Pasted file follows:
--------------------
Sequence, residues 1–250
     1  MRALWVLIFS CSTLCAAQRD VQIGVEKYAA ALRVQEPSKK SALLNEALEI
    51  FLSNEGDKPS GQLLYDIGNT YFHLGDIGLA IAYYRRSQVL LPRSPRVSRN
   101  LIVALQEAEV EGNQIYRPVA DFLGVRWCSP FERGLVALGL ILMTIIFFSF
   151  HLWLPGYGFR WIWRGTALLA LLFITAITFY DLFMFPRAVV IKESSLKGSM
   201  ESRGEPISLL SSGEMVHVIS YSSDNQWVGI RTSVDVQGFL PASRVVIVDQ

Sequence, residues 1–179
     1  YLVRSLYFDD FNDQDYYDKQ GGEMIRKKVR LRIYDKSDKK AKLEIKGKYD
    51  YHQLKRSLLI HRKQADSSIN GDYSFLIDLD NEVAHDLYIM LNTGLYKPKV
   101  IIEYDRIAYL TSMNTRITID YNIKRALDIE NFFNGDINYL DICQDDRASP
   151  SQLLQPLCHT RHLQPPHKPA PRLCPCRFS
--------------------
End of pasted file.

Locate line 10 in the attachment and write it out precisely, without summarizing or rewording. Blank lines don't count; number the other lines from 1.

   101  IIEYDRIAYL TSMNTRITID YNIKRALDIE NFFNGDINYL DICQDDRASP